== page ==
Have I ever told you about my older brother?
Jeff is older than me by 18 months. He figures into the earliest memories I have of my life, including what is likely the earliest thing I can remember. My Dad had a motorcycle way back then. I was very small, I don't even know how old. Apparently for whatever reason on this particularly day he had lifted Jeff up and let him sit on the motorcycle and I began to throw a fit, wanting to do it too. And my memory at the time was Jeff's retort to me that I would just pee on it. It makes me smile every time I remember it. I absolutely worshiped Jeff growing up, and we were close when we were little. He would put my necklaces on for me before church or tie the bow of my dress. If I wanted to dance or play house, he often would oblige me. If I wanted to play Barbies, he got out his Six Million Dollar Man action figure, who would go off to work doing Six Million Dollar Man things while Barbie kept their house and tended their babies. He could definitely be a big bully and he was very secure in his position as the "head" of our little sibling threesome, ruling us with a fascist iron fist. He controlled the music, sat in the most comfortable seat available whenever it was available and controlled the remote when television watching became that advanced. I can't imagine though what it would have been like to grow up without him there showing me what came next. When he began to eat more, I began to eat more, wanting to emulate him. I was desperate to keep up with him. When he reached puberty, suddenly our 18 months of age difference became a millenium of division. I was no longer tolerated or even particularly liked. Suddenly I really was the proverbial little sister, and the teasing and making fun that came with him finding his way in the world absolutely crushed me. My personal hero wanted nothing to do with me, and I watched with bitter jealousy as he was nice to sisters of his friends and to my cousin Paula, who was so pretty. I realize now he had his own journey of growing up to do, figuring out the differences between the sexes and how to handle attraction and life, how to become a man, and that I was not to have a role in those discoveries. At the time all I knew was he had turned against me, and I bled inside with missing him. Things did not improve for a very long time. The injuries I felt by his rejection in puberty lingered long into adulthood. We did not communicate well and I always assumed he still felt the way about me that he had when we were teens. A softening took place when Alexander had his brain tumor. I was shocked and moved when he told me he could not concentrate at work the day of Alexander's surgery from pondering and worrying, and when he came up to see him carrying a stuffed animal from a fellow at work he'd told about Alex, my heart melted. It was slow progress, but it was progress. And as Joseph fell ill and traveled the long road to heaven, walls crumbled further. The day Joseph died, I have a wonderful memory. Joseph had been pronounced dead shortly before, and I had gone out to make the call to Joe to tell him Joe-Gi was gone. Jeff simply came up behind me and placed his hands heavy on my shoulders, squeezing me, patting gruffly, his throat seemingly closed up and locked. I do not remember if I even acknowledged him. I had not been able to shed a single tear until his touch freed me somehow. I don't know to this day if he even knows how burned into my memory that is. He has his own family and has done so well for himself. His boys are beautiful, as is his wife, Stacey. He had his own health issues while Joseph was sick, ones that were serious and severe, but I was unable to worry the way I would have if my attention had not been drawn to Joseph. Since then things are softer. My heart is softer. He is a fantastic father, a good provider. I am proud of him. I don't see him as much as I would like. Our lives are close in that we live just minutes from one another, but far in that we are at very different stages of child raising and have extremely different interests. But I admire him. His mark is on my life in the kind of music I like to listen to, the type of logic I use at times and in the way I relate to men. I have fantastic, happy memories of combing through South Dakota streams on vacation looking for gold, of him riding a horse that tried to knock him off of it, of days spent piled on his bed with Ryan (our younger brother) and a tape recorder, saying silly things and then playing ourselves back with a vast sense of entertainment. Of him hooking the clasp on my necklace. Of dancing crazily in the living room with him while Mom played her accordian for us. After Dad died, we found a tape in his things that had Jeff's voice at about 11 years of age recorded on it. I was stunned to hear that his voice and Joseph's were identical. When Joseph was born, I named Jeff as his godfather. And Joseph was growing up to have a resemblence to Jeff that was uncanny.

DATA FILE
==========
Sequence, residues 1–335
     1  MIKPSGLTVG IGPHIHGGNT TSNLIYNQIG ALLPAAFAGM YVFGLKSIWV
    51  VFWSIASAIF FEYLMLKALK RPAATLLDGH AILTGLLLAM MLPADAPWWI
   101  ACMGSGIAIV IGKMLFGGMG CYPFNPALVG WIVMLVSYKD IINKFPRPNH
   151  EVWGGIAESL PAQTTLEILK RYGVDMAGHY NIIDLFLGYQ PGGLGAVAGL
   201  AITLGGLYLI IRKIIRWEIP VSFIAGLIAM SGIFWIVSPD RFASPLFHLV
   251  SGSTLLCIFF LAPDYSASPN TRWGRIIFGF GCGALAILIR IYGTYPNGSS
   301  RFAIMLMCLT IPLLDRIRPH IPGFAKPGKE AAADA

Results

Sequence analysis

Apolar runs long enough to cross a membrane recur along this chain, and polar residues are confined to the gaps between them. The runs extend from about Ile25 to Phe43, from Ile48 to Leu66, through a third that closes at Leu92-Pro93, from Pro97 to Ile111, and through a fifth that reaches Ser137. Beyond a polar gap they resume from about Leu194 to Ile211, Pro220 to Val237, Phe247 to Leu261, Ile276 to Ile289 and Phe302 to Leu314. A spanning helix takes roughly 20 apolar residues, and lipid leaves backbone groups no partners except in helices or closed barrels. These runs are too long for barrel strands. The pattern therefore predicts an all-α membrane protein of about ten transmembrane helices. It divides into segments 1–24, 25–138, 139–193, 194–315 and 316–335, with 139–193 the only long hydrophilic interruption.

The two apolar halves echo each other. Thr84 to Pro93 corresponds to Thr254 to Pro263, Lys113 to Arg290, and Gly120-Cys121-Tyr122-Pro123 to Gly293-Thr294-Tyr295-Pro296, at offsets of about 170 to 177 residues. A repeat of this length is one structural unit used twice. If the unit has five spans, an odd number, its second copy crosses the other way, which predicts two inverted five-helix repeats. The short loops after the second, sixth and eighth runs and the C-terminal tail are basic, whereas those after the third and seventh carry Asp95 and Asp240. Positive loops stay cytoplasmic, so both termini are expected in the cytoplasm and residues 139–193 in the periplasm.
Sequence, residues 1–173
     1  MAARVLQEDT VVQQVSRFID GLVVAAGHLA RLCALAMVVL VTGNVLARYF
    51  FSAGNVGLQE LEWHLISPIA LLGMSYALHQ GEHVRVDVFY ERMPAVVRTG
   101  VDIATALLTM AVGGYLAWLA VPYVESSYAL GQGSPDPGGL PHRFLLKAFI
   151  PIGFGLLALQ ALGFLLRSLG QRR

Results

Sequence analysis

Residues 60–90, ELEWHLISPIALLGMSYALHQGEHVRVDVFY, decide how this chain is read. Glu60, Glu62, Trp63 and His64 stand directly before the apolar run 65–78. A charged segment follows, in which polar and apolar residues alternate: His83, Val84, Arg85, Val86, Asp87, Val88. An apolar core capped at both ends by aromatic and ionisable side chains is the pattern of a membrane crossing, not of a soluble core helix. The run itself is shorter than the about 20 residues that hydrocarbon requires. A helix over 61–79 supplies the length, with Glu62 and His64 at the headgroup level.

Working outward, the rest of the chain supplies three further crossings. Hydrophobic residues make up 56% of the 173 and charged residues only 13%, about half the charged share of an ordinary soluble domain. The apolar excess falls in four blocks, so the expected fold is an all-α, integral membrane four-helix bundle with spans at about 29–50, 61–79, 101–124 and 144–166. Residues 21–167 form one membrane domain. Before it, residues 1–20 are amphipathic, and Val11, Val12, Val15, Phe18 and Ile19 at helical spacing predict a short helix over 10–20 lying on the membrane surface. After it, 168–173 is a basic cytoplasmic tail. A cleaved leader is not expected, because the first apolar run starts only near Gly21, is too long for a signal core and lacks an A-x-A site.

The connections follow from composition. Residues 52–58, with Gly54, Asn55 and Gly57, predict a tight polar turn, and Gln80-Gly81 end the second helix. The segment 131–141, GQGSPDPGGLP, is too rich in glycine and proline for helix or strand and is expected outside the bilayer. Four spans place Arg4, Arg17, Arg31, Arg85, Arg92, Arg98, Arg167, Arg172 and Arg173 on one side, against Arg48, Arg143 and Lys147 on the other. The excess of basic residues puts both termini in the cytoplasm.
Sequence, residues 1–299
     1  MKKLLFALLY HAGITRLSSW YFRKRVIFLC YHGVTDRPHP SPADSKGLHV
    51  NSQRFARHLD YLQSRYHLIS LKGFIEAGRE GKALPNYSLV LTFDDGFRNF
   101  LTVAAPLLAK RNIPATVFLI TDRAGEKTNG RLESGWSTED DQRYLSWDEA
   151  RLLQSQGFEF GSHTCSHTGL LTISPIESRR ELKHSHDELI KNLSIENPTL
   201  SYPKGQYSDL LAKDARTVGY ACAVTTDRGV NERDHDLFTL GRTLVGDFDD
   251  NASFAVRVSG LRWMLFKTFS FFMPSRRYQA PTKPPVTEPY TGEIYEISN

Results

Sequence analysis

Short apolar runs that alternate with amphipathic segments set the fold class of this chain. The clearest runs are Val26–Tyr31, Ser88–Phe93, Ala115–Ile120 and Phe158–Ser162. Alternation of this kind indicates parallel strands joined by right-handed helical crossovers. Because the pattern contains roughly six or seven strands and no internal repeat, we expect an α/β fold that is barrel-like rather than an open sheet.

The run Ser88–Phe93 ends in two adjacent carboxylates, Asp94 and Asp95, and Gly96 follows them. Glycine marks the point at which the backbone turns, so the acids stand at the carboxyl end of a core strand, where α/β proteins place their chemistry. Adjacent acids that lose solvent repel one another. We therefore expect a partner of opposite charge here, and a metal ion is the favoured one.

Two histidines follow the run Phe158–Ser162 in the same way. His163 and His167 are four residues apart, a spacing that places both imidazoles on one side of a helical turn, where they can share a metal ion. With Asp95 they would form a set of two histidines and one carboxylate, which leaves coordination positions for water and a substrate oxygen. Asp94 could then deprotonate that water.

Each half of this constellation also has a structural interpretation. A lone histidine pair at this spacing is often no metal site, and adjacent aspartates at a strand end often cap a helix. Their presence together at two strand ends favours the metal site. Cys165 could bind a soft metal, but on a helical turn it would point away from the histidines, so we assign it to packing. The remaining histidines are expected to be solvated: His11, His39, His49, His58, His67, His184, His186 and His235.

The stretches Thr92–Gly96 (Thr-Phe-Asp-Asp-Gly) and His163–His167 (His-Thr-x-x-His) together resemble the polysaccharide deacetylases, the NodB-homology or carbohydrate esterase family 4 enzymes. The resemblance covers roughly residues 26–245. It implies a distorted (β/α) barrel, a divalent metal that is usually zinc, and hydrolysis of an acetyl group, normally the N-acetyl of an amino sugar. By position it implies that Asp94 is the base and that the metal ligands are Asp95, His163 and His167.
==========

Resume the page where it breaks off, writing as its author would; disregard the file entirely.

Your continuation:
Jeff with Joseph at Joseph's First Communion:
This is Jeff and his family now: